To be honest – the show is really crap. What an earth has knifethrowing, throwing axes and such have anything to do with beeing a sharpshooter? And the tests with firearms with those distances and by their nature make me laugh. Producers should find a real pro to make impressive enough tests and stop showing these tivoli-shooters. By god – shooting with rifle to 50 or 75 meters or less – I did 50m with 22 cal 99 pts out 100 when I was 15! Ans theese persons in the show a professionals – I just wonder. And guns they have selected…

    • I did wonder about the incongruity of apparently outstanding shooters missing what seem like relatively easy shots, and I think it comes down to stress. Most of the time, the shots required on the show are out of the shooters’ normal area of expertise, and they have the pressure of competition and national television. Shooting under those conditions is a much different animal than comfortable practice at the range, and it’s even different from a competition style that you’ve gotten yourself used to. If you watch for the times when shooters run into challenges that match what they do in their normal competitive lives, you generally don’t see them have trouble – take for instance when the IPSC guys (I don’t recall their names offhand) were competing on a steel dueling tree with open-style 1911s – their performances were amazing. The flubbed shots come when you take a Steel Challenge expert and have him running a 1919 from a moving halftrack – oh and by the way a million people are going to point out every little flaw you make on TV. To me, that makes the show more interesting; see how people can perform under duress and out of the comfort zone (which, incidentally, is why I enjoy the local 2-gun action match, because it takes me out of my comfort zone).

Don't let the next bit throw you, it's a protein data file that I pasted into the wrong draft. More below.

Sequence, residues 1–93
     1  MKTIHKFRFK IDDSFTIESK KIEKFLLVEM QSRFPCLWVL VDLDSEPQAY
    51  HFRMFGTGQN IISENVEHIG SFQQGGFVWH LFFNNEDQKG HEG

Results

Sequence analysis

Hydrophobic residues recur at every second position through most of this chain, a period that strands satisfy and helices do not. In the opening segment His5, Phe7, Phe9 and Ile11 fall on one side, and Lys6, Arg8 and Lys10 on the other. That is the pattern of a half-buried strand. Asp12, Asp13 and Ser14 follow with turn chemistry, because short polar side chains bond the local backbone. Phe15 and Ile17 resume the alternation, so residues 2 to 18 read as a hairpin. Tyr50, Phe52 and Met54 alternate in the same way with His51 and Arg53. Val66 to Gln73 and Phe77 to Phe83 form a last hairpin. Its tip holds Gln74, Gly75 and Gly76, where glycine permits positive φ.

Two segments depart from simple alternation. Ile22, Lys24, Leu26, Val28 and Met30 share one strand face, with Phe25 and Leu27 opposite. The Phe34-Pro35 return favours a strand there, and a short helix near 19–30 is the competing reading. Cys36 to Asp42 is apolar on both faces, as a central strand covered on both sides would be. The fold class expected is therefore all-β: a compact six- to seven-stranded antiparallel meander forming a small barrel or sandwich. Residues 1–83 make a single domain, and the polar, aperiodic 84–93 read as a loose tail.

5. Although I generally dislike and avoid “reality’ shows, which are anything but what they purport to be, Top Shot does have some interesting and redeeming features just as Ian mentioned. However, as Matt has also pointed out, an accurately replicated battlefield scenario challenge with all the attendant exigencies would be far more challenging and realistic. The silly, cheap melodrama that Ankle and SVaaka rightly criticize absolutely has to go. I think the problems don’t lie so much with the participants as they do with the producers, directors, editors and ultimately the financiers, who are mostly interested in marketing what they think will sell to a gullible public ( and this unfortunately includes a fair number of less-than-knowledgeable gun enthusiasts and wannabe-gun enthusiasts ) in order to boost ratings and profit margins. The supreme irony, of course, is that hard reality, a.k.a. the factual truth, is the first casualty of the vast majority of so-called “reality” shows.

  6. It’s the closest we’ll get on a major channel, fellas. And it’s not the worst thing in the world. Not like “Doomsday Preppers”… Good God, what a freakin’ mess. Now THAT’S an example of intentional, gross misrepresentation. In any case, I’m sure I’ll find somebody to root for this time. I just wanna see some fancy shootin’!

  7. You don’t want on the cast.

    If’n I recall correctly, you lose the rights to a lot of the gun related stuff you do. Hicock45 was offered a spot, but because he would have lost his channel, he declined.

    Just what I heard, don’t quote me, and no proper citations to give.

  8. The History Channel has become a joke of a network. Most of its programs have little to do with history and many are outright speculation or lies. I would rather drink gasoline and piss on a brush fire than waste an hour of my life helping the corporate nazies at the history channel make another dime.

    • I used to mock the History Channel for is obsessive focus on World War II and Nazi Germany, as if they were unaware of the thousands of years of other recorded history that could be covered. Called them “the Hitlery Channel”. But at least that was ACTUALLY HISTORY. Sure, it would’ve been nice if World War I, the Napoleonic Wars, etc had gotten some coverage, but at least it hadn’t been contaminated by “Ancient Aliens” and reality shows back then.